How social media affects mental wellbeing

Social Media can distort the way in which you remember certain tidbits from your life. Image Courtesy: Pixabay

If alcohol and drugs were considered the most dangerous substances available that could affect not only adults but also the young generation, then the cheaper and even dangerous option is here. Social Media has much adverse effect on mental health than alcohol or drugs, says health experts.

Every social media platform has its own pros and cons but using them too frequently can make you feel increasingly unhappy and isolated in the long run. Some studies have linked prolonged social media and mobile phone use with symptoms of depression, anxiety, and low self-esteem.

The Upside

There are some positive aspects of social media. It enables teens to enhance their communication skills and social connections. Humans are social by nature and social media makes socializing easy and immediate. Young people who struggle with social skills, social anxiety, or who don’t have easy access to face-to-face socializing with other teens might benefit from connecting with other teens through social media. Barring from social media use could potentially deprive of valuable learning experiences and limit social lives in the present scenario.

The Downside

Read enough of the current research and you’ll find that the negatives tend to feel bigger than the positives. While social media is a great medium to connect with others, they also confront cyberbullying, trolls, toxic comparisons, sleep deprivation, and less frequent face-to-face interactions, to name a few. A report by the American Academy of Pediatrics defines Facebook depression as “depression that develops when teens and preteens spend time on social media sites and then begin to exhibit classic symptoms of depression due to the intensity of the online world.”

Too much time spent scrolling through social media can result in symptoms of anxiety and/or depression. 

A 2015 study by the University of Missouri found that regularly using Facebook could lead to symptoms of depression if the site triggered feelings of envy in the user.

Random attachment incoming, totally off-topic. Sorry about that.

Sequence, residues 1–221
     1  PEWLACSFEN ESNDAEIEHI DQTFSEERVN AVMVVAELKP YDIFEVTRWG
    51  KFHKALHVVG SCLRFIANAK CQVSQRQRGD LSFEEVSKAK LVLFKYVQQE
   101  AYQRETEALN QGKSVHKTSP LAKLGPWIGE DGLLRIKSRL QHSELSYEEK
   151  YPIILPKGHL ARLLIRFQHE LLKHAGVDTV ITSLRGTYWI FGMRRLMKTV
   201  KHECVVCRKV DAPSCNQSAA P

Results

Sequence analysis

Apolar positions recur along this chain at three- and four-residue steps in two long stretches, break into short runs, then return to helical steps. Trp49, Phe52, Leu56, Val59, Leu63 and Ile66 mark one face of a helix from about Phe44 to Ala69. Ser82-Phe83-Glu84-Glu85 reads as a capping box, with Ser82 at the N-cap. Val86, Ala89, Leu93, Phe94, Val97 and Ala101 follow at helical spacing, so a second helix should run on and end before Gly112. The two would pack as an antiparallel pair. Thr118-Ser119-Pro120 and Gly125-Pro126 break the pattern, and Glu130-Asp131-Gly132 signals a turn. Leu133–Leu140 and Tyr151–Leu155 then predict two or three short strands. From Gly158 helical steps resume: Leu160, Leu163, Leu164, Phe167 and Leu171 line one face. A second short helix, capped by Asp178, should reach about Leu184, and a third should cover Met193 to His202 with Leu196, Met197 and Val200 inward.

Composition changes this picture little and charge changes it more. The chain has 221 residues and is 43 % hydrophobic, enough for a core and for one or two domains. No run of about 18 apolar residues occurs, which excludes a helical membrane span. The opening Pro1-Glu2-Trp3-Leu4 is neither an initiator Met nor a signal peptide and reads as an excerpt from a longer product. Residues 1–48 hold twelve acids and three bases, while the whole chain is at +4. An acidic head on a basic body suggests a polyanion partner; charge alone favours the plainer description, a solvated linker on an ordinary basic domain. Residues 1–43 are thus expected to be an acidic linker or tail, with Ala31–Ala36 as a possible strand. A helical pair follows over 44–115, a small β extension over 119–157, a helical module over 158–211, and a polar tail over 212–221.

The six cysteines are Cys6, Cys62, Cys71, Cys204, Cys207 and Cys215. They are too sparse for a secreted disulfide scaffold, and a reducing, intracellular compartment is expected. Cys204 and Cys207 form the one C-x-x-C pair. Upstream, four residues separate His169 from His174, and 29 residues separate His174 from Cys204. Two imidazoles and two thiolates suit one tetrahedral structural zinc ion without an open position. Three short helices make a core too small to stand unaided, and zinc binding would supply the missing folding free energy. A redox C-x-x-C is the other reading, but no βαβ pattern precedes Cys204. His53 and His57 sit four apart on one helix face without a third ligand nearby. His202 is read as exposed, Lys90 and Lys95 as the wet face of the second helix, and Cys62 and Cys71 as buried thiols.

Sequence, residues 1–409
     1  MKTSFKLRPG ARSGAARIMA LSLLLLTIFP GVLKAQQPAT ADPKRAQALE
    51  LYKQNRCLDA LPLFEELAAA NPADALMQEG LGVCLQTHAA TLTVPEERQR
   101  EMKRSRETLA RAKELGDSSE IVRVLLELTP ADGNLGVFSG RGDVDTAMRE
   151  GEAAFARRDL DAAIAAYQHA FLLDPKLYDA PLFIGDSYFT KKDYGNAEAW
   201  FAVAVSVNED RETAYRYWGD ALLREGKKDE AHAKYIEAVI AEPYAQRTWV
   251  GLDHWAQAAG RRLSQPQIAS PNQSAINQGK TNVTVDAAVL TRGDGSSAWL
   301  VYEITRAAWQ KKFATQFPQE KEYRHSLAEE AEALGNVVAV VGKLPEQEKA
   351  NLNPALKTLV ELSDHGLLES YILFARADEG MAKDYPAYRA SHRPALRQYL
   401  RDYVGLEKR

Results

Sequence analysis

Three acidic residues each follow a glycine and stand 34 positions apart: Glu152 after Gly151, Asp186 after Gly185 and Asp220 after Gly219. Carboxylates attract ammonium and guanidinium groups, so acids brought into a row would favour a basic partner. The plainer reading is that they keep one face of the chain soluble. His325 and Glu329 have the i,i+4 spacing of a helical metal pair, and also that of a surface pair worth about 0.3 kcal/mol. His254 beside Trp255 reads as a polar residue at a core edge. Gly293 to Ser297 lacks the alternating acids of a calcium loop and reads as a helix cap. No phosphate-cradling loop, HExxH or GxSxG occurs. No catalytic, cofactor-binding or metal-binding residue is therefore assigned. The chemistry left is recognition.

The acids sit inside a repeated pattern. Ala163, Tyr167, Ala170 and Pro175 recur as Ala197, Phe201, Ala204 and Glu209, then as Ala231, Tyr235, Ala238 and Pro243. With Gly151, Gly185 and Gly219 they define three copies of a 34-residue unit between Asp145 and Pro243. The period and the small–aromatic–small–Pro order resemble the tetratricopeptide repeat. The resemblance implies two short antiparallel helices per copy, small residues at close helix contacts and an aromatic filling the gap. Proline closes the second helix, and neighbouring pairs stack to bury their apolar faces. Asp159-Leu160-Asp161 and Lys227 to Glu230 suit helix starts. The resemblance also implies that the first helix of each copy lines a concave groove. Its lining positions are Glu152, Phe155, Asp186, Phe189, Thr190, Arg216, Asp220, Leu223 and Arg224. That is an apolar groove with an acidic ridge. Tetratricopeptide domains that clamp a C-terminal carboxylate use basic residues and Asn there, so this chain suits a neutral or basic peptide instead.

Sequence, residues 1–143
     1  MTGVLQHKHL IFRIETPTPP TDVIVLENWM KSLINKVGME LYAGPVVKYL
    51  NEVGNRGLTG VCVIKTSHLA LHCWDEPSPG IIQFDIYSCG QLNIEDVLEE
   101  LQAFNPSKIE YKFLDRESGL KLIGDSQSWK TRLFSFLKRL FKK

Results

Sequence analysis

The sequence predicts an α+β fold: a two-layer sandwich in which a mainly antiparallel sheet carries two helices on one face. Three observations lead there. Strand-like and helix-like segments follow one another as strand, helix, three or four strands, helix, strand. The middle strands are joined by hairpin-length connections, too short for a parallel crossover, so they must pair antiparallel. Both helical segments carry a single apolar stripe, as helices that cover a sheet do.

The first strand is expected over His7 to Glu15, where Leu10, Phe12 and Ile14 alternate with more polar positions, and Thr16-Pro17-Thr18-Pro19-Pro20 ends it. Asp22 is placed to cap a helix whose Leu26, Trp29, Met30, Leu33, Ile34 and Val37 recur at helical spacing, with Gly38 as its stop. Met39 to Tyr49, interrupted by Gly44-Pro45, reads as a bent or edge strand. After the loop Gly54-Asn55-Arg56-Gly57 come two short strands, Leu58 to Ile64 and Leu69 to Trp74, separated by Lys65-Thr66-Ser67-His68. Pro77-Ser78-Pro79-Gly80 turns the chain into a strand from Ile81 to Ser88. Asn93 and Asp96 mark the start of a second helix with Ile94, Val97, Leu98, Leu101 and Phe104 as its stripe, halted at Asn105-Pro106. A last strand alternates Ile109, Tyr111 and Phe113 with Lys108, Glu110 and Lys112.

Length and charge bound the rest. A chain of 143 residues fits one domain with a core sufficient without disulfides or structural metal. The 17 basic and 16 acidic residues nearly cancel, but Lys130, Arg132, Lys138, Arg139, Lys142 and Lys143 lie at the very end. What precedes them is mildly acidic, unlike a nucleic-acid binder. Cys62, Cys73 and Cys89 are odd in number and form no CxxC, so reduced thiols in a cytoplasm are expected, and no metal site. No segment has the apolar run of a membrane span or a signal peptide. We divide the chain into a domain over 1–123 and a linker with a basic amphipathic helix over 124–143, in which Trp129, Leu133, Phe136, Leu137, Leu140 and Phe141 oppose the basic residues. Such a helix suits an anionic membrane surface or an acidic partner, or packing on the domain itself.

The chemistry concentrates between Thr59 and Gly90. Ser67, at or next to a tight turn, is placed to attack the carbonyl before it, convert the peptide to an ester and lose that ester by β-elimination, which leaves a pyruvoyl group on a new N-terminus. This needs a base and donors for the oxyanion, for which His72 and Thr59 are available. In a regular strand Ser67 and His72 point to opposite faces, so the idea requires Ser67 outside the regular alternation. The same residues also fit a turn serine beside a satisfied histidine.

A study published in The Lancet Psychiatry found people who spend the night checking social media are more likely to suffer from mood problems such as neuroticism and bipolar disorder, and rate themselves as less happy and more lonely.

While experts continue to research and find a correlation between social media and its ill effects on health, a rule of thumb is anything in excess is always harmful. 


It seems unlikely social media use will decrease in the near future, so we need to manage the risks and harness the potential benefits to improve mental health. The impact of social media on our mental health depends on a number of factors, including how it is used. 

And while the risks of these platforms should be acknowledged, so should their potential to help people, especially those already struggling with mental health issues.

There’s a happy medium in here somewhere. The key to helping teens learn to balance social media with real-life friendships is to keep the lines of communication open and keep talking. Honest communication shows your teen that you are there to support, not to judge or lecture. Go and explore the real world out there that doesn’t require a handheld screen (not even a camera click!)

O’Keefe G, Clarke-Pearson K, “Clinical Report-The Impact of Social Media on Children, Adolescents, and Families.” Pediatrics. 2011 April; 127(4): 800-805